Dealing with that continuity is something the issue's creative team handles rather well. You don't need to know what happened in Schism, Fear Itself, or any of the previous events that came before this book to understand what's about to go down between the Avengers and the X-Men. There might be some that complain this first issue is a little too decompressed, that nothing big happens to these characters. Indeed, I can already hear people complaining about “classic Bendis,” well, I will respectfully disagree with those naysayers. Bendis' style of storytelling is exactly the kind a debut issue such a massive event needs. This book makes the assumption that not everyone will know and understand the driving forces behind the choices made by Captain America, Cyclops, Wolverine, Hope, or any other member of this massive stage. We need to feel some form of emotional investment in these characters, and seeing Bendis take his time with each important player at this stage does so.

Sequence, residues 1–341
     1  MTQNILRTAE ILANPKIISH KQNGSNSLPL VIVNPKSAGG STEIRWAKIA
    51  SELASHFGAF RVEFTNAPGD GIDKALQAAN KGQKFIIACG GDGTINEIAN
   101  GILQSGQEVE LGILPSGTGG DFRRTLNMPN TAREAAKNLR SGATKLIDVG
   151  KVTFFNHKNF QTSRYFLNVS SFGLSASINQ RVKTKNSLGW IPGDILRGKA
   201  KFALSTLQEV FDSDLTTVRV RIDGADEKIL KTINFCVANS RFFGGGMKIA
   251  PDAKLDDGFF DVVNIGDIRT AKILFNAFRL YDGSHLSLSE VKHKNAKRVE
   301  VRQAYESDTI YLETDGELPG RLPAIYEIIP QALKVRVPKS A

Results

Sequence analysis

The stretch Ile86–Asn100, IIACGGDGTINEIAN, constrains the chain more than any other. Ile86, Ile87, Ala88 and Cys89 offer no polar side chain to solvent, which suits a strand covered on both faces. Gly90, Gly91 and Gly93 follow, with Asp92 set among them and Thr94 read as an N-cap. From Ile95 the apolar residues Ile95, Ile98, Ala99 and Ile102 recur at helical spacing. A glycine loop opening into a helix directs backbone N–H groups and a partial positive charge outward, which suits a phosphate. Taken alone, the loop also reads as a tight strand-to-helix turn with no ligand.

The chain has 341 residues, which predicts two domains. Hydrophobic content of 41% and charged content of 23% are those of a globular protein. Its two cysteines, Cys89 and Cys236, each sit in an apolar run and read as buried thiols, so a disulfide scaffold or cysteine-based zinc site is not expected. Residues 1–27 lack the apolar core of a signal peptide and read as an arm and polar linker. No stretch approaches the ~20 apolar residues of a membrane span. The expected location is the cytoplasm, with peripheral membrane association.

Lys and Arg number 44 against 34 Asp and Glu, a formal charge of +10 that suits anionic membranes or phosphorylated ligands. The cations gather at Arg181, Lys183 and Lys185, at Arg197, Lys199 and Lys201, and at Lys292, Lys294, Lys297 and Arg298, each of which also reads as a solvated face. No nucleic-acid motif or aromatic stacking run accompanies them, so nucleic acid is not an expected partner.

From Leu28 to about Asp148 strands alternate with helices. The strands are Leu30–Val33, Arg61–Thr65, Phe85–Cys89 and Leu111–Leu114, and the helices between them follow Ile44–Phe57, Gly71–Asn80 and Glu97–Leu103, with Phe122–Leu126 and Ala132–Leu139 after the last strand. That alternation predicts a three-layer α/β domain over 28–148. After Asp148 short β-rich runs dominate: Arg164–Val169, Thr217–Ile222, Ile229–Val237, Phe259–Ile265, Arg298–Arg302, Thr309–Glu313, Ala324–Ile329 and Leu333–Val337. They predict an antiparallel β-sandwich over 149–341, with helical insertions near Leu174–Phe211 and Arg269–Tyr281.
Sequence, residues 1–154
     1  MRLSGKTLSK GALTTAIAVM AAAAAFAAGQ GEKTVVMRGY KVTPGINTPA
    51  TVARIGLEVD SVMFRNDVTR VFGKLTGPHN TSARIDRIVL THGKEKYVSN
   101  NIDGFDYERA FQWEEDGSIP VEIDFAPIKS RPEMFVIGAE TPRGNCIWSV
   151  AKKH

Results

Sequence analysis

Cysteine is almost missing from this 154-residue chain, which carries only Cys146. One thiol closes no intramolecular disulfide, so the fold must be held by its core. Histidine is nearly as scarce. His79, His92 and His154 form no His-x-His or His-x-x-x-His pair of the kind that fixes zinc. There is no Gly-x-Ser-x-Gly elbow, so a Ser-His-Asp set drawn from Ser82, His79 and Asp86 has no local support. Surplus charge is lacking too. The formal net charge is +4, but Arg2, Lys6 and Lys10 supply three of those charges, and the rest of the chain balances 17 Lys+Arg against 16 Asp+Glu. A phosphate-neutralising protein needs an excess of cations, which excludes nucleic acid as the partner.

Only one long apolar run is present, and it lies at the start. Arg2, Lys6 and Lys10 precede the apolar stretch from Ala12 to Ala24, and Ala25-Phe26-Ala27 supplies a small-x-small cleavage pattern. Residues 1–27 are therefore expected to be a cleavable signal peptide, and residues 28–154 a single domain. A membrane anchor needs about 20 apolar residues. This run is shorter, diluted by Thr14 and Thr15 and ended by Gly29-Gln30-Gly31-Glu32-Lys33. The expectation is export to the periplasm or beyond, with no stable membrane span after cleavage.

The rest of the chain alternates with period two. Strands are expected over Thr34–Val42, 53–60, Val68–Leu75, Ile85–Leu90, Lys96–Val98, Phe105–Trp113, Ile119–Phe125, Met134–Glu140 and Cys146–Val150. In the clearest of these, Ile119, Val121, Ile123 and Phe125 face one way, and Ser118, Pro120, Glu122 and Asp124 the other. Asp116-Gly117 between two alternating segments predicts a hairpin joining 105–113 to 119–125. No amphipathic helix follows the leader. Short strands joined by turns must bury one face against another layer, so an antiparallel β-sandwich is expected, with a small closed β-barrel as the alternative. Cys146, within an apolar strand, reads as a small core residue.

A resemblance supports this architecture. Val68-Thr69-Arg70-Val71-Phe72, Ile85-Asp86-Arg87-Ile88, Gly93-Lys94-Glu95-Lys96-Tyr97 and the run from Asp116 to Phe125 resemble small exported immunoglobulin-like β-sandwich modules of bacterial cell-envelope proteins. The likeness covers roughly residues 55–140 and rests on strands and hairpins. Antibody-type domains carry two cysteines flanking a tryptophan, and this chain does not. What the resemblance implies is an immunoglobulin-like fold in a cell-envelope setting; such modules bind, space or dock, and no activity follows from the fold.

From a pure fan stance, it's nice to see the Avengers work as a more cohesive team, far more than I'm used to in years past. It's important to see how quickly characters like Iron Man, Captain America, and Thor can all but forget past transgressions and work as a team for the greater good of all humanity. Indeed, this characterization acts as the perfect counter-balance to the rather draconian leadership of Cyclops and his X-Men. This is a leader that, for right or wrong, no longer sees the world in shades of gray as his one-time mentor Professor X taught. There is only life for mutants, or their inevitable extinction. And, as we see in the rather brutal training between he and Hope, to say nothing of his conversation with Captain America, Cyclops has made his choice. A choice all those he wishes to protect must now live with. Fight or die.